An English In Kentucky


















Wednesday January 23rd 2013    Tim Candler

      "Dyscalculia" is a mental disorder that sometimes is called "numlexia."  A difficulty with numbers, as opposed to  "dyslexia" which is difficulty with written words.  Of course professionals adhere to a theory that runs this way, "The more complicated our words the more important we appear and therefore the more contented we can become."    Which is why I'll think of the word "Dyscalculia" through the Greek and Latin where it translates as "counting badly."  And having wandered considerable distances through literature on the subject of "counting badly" I am able to say with some degree of confidence that "I am dyscalcic."  Which is not actually a word that you'll find written anywhere respectable, unless you also share with me that other mental disorder of "reading badly."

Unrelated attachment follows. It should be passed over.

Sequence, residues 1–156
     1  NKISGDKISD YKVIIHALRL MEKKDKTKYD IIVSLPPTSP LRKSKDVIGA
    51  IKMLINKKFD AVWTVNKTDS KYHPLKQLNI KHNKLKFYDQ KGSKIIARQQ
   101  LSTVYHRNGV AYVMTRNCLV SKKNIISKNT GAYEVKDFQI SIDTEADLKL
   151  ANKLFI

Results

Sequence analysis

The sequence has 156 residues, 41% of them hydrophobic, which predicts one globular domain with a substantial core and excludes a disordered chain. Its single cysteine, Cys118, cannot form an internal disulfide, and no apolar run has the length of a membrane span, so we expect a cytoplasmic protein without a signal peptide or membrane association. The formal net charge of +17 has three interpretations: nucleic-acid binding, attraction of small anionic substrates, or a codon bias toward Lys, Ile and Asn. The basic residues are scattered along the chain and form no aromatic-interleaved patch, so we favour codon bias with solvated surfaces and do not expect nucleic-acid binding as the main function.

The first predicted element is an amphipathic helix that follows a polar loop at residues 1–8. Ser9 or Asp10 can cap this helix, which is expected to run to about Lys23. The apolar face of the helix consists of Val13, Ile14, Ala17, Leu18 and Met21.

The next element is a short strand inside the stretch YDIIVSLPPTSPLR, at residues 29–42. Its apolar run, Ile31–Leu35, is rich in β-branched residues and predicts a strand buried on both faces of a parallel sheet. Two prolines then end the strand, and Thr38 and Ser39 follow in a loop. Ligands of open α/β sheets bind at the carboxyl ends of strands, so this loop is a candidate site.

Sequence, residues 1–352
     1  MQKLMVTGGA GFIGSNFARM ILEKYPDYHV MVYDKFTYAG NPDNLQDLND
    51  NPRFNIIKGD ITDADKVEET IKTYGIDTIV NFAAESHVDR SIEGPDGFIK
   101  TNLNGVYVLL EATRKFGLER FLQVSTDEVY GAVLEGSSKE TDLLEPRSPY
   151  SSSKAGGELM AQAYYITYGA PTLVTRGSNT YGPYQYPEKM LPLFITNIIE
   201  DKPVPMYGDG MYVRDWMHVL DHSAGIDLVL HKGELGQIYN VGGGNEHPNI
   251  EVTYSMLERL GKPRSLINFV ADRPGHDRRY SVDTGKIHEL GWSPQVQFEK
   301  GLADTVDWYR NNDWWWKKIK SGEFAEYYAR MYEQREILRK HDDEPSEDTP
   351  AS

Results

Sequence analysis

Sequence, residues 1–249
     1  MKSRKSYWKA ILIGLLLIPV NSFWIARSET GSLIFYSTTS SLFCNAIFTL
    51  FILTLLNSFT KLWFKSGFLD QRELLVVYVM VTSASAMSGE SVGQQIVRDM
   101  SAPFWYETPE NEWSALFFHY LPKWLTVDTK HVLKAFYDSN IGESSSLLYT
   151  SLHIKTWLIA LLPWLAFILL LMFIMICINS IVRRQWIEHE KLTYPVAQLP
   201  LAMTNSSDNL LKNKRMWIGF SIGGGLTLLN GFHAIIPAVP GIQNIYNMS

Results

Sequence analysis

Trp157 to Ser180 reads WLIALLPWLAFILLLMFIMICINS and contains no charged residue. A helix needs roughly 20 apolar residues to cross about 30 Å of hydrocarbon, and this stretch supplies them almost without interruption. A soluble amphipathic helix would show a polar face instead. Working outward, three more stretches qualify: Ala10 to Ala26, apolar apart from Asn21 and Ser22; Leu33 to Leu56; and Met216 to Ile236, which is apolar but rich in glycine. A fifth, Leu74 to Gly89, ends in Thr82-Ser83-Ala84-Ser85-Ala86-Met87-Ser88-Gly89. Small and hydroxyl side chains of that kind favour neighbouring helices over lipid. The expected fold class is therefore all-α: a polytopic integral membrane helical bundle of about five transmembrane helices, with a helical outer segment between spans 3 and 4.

Quite why I spend more time than is healthy casting an oar into the incredibly long list of mental disorders, I am not certain I really wish to know.  It becomes the mind's equivalent to a medical encyclopedia, through the pages of which it is easy to wonder and come away determined to do something useful in the two days of life or sanity which  remain.   The alternative of course is to pretend there is nothing identifiably wrong with me, that I am the standard by which others should be compared.  It's philosophers and thinkers, God and his priests, scientists and their students who struggle with  the view that all  things within the panoply have a reason or a 'because' attached to them.  Which is a disorder you can call 'intellect' if you wish to.

Previous     Next